Our last post was about a friend of mine who was contemplating leaving a job that they had been at for over 20 years. There are all kinds of issues to consider in making this kind of decision and we listed some of them in the post – Should I Change Jobs.
This post is more focused on what should I do when I change jobs about the pension money that is given to us when we leave a job. In Canada, you are not just handed the money, instead, the law requires that these funds be placed in a locked-in RRSP which you can only gain access to at age 55 or later. Even then you can only take out a certain percentage each year, around 6.5% initially. There are some laws that let you transfer some of the funds to a regular RRSP at a later date.
Leaving a Job- Talk to a Financial Adviser
This is where you need to get really serious about your retirement planning. You are leaving a company, they are giving you the vested amount of your pension and it will be locked into an RRSP. How should you invest it? What risk should you take? What are the regulations about withdrawals? There are loads of questions such as this which only someone in the business working every day on these subjects can really help you with.
Find a good financial adviser, who knows what they are talking about and is not just trying to sell you stocks and mutual funds. In fact, it is a good idea to interview several before making a decision about where you should place your investments.
Talk to friends, business associates, and professionals. Don’t just take one answer because it sounds good or they sound really confident. You need to collect as much information as you can and make your own decisions about what is right for you.
Even this post and blog is only one source and we blatantly will tell you that we do not have all of the answers. Each person is different, has different requirements, and different goals. Investigate and make the most informed decision you can.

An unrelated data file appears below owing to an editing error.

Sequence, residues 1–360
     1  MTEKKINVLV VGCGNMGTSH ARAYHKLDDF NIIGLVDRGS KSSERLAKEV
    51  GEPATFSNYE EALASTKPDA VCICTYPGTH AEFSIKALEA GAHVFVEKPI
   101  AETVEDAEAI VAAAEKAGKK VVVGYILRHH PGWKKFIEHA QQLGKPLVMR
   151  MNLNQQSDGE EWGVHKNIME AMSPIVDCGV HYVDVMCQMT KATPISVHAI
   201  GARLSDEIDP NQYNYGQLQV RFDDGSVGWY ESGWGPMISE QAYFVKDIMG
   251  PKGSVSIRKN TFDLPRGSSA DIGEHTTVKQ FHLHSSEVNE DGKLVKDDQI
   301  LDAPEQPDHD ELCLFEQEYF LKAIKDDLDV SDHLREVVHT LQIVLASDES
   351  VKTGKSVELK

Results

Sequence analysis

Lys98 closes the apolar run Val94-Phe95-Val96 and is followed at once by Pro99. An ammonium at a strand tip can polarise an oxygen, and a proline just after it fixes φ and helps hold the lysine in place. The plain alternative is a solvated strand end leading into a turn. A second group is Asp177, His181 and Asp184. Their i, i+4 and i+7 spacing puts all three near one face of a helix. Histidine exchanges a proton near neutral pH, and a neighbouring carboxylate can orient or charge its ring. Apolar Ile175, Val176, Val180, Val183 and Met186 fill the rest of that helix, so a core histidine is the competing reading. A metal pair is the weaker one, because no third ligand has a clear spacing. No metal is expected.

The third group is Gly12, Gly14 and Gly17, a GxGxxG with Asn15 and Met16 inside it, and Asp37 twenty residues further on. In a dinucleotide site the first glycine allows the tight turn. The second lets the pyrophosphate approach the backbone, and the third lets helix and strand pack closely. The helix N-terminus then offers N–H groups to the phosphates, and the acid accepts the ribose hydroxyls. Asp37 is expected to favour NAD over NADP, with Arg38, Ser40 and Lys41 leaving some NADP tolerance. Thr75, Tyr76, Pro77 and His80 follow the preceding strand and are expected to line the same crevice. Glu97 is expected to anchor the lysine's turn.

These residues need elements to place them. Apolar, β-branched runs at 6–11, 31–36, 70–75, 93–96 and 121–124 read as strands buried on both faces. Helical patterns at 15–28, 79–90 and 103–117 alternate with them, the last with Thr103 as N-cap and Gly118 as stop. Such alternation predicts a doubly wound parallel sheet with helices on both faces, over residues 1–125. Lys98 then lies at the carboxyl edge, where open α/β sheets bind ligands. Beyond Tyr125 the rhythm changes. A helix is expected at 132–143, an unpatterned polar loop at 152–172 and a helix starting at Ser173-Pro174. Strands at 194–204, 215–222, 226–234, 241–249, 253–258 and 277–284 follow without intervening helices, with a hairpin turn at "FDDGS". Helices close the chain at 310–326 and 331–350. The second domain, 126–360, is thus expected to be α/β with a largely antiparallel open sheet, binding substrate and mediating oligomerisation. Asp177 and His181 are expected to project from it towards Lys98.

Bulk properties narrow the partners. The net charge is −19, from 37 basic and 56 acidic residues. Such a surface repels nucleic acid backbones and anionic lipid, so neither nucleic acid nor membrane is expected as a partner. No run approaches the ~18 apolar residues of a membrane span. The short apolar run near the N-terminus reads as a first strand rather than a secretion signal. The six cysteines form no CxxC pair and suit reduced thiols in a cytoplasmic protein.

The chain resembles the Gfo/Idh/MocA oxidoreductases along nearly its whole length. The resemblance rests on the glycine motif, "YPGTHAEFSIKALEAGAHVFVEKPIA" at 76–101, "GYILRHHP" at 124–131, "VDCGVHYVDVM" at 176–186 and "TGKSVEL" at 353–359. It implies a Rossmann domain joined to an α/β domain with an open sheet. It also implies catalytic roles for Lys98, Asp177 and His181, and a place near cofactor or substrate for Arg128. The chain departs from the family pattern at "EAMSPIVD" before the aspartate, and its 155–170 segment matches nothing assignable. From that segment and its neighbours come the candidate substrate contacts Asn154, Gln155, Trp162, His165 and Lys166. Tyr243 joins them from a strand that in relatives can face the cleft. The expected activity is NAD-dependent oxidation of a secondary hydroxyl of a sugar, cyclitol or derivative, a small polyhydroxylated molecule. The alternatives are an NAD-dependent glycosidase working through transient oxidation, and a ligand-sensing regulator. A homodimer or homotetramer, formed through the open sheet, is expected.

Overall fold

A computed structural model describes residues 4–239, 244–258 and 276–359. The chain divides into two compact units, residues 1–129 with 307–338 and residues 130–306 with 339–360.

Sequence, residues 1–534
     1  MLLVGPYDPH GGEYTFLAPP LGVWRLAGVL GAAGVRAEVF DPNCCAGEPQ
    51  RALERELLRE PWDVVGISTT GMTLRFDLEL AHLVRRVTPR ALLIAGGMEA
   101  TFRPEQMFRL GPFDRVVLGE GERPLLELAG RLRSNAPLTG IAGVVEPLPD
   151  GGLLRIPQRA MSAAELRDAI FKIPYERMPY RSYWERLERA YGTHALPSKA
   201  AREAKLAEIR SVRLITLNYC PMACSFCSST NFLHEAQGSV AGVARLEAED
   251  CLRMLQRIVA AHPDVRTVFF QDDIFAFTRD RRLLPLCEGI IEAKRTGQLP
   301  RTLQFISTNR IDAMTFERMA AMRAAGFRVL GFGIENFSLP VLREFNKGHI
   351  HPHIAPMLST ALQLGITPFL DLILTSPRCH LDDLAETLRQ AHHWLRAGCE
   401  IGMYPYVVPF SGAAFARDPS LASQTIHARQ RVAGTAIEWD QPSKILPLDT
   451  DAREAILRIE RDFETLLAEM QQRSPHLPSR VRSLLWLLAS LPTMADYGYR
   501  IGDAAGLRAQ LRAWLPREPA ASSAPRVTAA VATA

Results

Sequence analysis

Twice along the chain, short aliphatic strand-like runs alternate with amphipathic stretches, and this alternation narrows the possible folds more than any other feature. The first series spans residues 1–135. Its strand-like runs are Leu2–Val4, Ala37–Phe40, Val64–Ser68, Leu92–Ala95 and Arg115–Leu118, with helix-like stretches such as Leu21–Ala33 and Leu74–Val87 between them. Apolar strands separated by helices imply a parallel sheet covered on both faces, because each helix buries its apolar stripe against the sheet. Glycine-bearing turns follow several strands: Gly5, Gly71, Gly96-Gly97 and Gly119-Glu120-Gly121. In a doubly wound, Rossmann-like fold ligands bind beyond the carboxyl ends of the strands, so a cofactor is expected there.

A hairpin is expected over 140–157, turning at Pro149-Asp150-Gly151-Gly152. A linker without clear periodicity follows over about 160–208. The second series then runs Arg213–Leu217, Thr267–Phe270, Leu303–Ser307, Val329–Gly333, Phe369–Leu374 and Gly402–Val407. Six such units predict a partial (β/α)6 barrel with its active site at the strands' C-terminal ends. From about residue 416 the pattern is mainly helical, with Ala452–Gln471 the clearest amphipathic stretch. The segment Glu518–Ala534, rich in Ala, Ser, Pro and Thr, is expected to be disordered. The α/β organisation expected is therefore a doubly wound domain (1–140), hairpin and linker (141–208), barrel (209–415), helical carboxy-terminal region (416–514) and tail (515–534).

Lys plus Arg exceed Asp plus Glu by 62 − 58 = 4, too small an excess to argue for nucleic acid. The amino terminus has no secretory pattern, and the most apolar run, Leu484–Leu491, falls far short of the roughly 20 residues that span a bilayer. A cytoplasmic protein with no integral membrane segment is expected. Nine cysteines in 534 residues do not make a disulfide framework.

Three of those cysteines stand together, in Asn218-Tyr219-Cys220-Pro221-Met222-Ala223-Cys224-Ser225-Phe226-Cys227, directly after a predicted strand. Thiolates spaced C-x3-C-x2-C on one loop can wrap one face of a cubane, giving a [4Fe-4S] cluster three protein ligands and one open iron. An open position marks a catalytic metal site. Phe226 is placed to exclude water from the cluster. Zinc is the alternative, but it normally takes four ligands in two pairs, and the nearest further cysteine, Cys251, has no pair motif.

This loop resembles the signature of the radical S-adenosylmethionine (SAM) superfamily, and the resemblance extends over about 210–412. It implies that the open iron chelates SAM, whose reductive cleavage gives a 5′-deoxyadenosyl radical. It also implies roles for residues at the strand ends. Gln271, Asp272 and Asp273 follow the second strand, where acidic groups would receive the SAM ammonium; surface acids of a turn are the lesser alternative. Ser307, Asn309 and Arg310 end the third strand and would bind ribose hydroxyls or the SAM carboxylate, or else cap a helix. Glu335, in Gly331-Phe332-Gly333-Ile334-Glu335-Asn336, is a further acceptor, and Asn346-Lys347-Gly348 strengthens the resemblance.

Once You Have Made a Decision, Monitor Your Investments
This is so important. You cannot just make your investments and then walk away without tending to them on a regular basis. Treat your retirement plan and investments like a garden. It needs regular care, weeding, and watering. So does your retirement RRSP.
Weed out the poor performing stocks, mutual funds, and any other investments you may have. Evaluate your risk tolerance. Invest in new growth investments, and collect dividends and interest on a regular basis. Pay attention to the investments. Never place it all into one stock or mutual fund, diversify and avoid high-risk investments unless you can afford to lose it all.
Meet with Your Financial Adviser
Starting a new job is always stressful, and leaving a job is also stressful. Just look at the issues to consider that we discussed in the previous post – Should I Change Jobs. However, this will pass. You will get settled into the new job. Get to know the people. Learn what you need to learn. Perform at a level that meets the needs of the new organization you moved to.
Once this period is over, and it should only last 3 to 6 months at the most, set up regular meetings with your financial adviser. Review your investments and assess the health and income that you are receiving from your investments.
This is so important and most advisers will initiate these meetings as well. However, if they do not do this, then you need to take the initiative. Meet with them on a regular basis. Review your statements. Make sure that everything is invested in a manner that meets your needs.
In summary, when you have answered the question – Should I Change Jobs – the next step is huge in the sense that now you are responsible for managing your retirement fund and making sure that you have enough money to retire and live the quality of life that you need and want.
Comments about this post are welcome as are ideas and subjects that we may not have considered.